Today in America—a century and half after the passage of the 14th Amendment to the U.S. Constitution, a half-century after Brown v. Board of Education, and more than four decades after the Civil Rights Act of 1964—schoolchildren can still be kept out of public schools because of the color of their skin.
Yes, you want your child to go to a particular school that's supposedly open to all students in your district. But if there's competition for spots in the school, your child won't be able to attend simply because of his race. Never mind if your kid comes out of poverty or a broken home. Never mind the 14th Amendment's equal protection clause or the Civil Rights Act's Title VI ("No person ... shall, on the ground of race, color, or national origin, be excluded from participation in, be denied the benefits of, or be subjected to discrimination ... "). District officials have taken it upon themselves to decide how many students of a certain race each school can enroll, and your kid will be subjected to discrimination based on his race.
That's the Seattle school plan that the U.S. Supreme Court agreed this week to consider, along with the similarly foul enrollment program in Louisville, Ky. Seattle set up a system of race-based admissions not because the district had a history of segregating schools. There was no such history. The district simply decided each school should be 60 percent minority and 40 percent white in order to reflect the city's overall racial breakdown—because it believes diversity is a good thing for schools and society. When more students seek to attend a school than there are spaces available, the race of the student seeking admittance becomes the second tiebreaker, if the child's race would tip the balance at the school in the direction of 60-40. (Having a sibling at the school is the first tiebreaker.)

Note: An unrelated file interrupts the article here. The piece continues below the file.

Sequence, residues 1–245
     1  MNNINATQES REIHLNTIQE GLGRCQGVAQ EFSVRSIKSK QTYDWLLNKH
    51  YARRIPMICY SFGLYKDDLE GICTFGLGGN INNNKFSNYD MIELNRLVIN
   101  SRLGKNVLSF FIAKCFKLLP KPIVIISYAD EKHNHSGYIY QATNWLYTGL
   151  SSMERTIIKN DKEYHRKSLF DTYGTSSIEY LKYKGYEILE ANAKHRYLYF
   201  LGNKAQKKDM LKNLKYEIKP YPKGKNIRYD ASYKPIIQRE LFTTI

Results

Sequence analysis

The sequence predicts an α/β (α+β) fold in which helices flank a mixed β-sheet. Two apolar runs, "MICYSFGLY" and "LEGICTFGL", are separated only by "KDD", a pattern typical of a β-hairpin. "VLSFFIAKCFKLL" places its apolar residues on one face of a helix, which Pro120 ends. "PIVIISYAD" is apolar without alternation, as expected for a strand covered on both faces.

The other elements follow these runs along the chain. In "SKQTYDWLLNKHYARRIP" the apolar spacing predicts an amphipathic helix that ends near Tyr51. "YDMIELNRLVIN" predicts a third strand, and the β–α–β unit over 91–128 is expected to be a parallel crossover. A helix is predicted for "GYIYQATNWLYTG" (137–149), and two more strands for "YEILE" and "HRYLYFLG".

Let's assume Seattle's "Sesame Street" diversity pronouncements have merit. Let's assume further that the Supreme Court's 2003 rulings on the benefits of diversity in higher education admissions apply to the K-12 education. Does a program like Seattle's satisfy the court's longstanding "strict scrutiny" standards when race is a classification factor?
Some Supreme Court watchers believe—and reverse-discrimination buffs fear—that the high court might have taken up the Seattle and Louisville cases to revisit its previous diversity holdings. But it's just as likely that the court could throw out the districts' enrollment plans without touching the diversity argument. An opinion by Judge Diarmuid O'Scannlain of Portland, Ore., shows the way.
Even if a race-based program advances a compelling state interest—say, promoting diversity—it must still meet other requirements. It must be narrowly tailored, flexible and time-limited. It must not amount to a racial quota. The agency instituting a racial preference must work to minimize its adverse impact on unfavored group members and have given serious consideration to race-neutral alternatives.
A three-judge panel of the 9th Circuit Court of Appeals considered Seattle's program, and O'Scannlain wrote for a majority that found the program unconstitutional. The district put forward a legitimate government interest for the program, but that was it. It flunked all the other tests.
"Taken alone, any of these shortcomings would doom the School District's program," O'Scannlain wrote in 2004. "Together, they reveal an unadulterated pursuit of racial proportionality that cannot possibly be squared with the demands of the Equal Protection Clause."
Yes, the Supreme Court held in its 2003 Michigan cases that diversity in higher ed is a "compelling state interest." But it's worth recalling that the court didn't give universities a license to do just anything in the name of diversity. One of the Michigan programs was flexible and holistic—students were given "individualized consideration" and race was one factor among many—and the court deemed it constitutional. The other, race-based point system was mechanistic and conclusive—race was the decisive factor—and the court found it unconstitutional.
A larger panel of the 9th Circuit ultimately upheld the Seattle district, but the Supreme Court could soon see the race-based constitutional problems Judge O'Scannlain detected in a program that is "virtually indistinguishable from a pure racial quota."